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One a recent middle school walk-through, Steve Youngblood was astonished by what he found in the gymnasium. There wasn't a basketball game-or any other competition for that matter-in sight.

Up from the ground of a television landscape where it seems to be perpetually Easter-judging from the bright greens, yellows, and pastel colors-comes the Voice Trumpet announcing, "Time for Teletubbies! Time for Teletubbies!"

I'm a French teacher being forced to teach Spanish! The only good thing about teaching Spanish is Ricky Martin!" says Danielle Edwards, who has been with Edwards-Knox Central School District in upstate New York for 16 years. She's only half kidding.

A 3-year-old sat on the lap of his mother, who was visiting Richard Murphy Elementary School in Boston. Principal Mary Russo couldn't help watching the child, fascinated with how the boy kept peering to the ceiling.

Is there a way that separate can be even better than equal? A handful of schools nationwide are trying to prove the point that single gender education can do a better job educating both girls and boys

Mary Cullinane, who manages the K-12 computing segment at Microsoft, has a somewhat absurd analogy regarding the use of computer labs in K-12 education.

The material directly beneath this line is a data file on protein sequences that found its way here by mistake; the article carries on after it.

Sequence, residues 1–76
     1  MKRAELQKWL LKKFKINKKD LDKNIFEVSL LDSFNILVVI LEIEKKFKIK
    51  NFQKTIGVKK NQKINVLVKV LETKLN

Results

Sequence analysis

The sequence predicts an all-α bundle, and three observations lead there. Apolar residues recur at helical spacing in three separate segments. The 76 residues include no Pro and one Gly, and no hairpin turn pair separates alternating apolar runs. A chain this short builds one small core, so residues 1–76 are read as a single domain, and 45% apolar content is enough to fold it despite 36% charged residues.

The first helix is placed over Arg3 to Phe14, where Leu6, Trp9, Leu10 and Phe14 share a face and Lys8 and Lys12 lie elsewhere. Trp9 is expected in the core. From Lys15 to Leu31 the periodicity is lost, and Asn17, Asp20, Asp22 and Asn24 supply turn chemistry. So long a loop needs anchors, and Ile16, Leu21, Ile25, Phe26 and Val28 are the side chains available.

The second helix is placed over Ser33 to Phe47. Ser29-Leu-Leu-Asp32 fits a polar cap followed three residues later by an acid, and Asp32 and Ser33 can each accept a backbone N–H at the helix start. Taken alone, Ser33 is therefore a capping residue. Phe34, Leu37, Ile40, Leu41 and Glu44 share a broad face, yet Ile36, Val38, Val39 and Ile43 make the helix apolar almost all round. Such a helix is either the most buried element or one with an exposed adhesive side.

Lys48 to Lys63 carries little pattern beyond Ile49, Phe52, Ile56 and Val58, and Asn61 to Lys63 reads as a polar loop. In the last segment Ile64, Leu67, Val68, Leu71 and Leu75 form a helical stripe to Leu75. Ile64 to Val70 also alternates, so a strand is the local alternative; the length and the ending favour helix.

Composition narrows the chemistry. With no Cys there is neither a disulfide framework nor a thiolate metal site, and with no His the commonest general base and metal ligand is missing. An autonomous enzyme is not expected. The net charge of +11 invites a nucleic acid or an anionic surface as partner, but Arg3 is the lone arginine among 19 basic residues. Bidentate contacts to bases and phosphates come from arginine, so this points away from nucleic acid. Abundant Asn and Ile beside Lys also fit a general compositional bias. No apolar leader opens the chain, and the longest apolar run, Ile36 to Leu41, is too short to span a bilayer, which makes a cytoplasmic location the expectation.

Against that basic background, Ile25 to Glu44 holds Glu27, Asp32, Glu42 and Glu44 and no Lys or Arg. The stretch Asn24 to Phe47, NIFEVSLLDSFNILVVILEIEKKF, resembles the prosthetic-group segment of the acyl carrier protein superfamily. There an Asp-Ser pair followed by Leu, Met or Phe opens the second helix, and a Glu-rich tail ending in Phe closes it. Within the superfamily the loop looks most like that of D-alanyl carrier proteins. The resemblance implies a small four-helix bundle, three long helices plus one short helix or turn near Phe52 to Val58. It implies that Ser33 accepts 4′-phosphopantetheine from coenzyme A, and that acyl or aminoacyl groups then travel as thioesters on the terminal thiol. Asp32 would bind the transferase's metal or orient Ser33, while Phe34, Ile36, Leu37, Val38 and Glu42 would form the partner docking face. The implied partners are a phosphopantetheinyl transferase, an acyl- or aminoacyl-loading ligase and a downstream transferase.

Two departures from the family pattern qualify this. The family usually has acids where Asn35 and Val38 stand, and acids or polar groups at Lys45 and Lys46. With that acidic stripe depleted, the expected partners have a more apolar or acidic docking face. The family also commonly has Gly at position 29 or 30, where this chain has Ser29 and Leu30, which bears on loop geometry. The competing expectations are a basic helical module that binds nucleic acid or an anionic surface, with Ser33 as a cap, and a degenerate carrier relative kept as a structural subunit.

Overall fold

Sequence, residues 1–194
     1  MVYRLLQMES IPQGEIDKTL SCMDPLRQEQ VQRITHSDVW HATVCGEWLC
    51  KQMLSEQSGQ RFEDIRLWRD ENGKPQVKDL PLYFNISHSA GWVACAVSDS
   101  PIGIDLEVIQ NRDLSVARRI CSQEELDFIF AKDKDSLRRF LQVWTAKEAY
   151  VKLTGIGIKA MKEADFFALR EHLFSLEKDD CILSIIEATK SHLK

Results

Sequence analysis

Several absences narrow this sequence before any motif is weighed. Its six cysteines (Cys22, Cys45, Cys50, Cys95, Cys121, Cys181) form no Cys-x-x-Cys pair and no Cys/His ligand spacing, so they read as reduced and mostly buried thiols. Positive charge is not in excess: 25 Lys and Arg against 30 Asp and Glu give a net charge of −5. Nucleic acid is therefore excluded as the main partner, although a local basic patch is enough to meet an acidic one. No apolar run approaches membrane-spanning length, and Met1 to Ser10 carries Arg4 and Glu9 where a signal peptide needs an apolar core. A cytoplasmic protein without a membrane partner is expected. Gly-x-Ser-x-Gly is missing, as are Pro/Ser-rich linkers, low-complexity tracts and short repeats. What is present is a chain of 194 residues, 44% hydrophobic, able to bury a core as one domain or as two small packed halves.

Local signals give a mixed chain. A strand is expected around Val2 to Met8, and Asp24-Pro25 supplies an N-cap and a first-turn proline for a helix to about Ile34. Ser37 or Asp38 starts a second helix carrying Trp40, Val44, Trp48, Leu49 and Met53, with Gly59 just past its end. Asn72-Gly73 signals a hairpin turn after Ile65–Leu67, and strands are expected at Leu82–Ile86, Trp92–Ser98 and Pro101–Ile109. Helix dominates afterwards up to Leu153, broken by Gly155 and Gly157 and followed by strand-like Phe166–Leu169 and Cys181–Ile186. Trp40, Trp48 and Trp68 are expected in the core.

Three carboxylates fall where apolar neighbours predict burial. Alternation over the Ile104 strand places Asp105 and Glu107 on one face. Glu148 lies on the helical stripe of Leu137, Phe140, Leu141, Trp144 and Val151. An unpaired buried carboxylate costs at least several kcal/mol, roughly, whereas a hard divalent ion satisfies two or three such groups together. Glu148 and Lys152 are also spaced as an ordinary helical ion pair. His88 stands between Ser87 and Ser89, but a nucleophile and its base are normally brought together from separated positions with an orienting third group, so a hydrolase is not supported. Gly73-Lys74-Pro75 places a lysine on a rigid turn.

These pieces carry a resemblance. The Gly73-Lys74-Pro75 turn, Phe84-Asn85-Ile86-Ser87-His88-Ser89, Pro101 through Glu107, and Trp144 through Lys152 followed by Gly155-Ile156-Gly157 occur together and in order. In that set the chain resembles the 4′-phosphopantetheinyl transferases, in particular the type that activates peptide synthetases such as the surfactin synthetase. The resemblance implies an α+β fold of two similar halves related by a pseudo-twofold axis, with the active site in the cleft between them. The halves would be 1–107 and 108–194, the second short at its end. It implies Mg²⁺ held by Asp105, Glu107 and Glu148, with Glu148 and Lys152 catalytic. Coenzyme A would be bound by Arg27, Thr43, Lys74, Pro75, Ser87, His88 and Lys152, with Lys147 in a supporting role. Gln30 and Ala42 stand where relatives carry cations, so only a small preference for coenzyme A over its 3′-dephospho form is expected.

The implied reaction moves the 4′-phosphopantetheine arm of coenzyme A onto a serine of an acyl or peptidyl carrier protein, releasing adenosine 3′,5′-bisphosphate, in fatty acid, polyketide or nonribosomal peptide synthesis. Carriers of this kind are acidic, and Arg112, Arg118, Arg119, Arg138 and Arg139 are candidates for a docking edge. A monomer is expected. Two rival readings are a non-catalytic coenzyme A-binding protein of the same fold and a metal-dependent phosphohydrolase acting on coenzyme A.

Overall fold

In these belt-tightening times, your peers share some of their more creative ideas for increasing revenue and cutting budgetary red tape

California Gov. Gray Davis is asking for a 1 percent budget increase for the state Department of Corrections. Meanwhile, he is mandating that the state cut $4.5 billion from its education budget, close to 11 percent of all its education K-12 spending.

Forget about debating what came first, the chicken or the egg. A new trend in science is to first examine exactly how that chicken crossed the road. In other words, physics-the exploration of energy and force-is now the first science course taught at some high schools.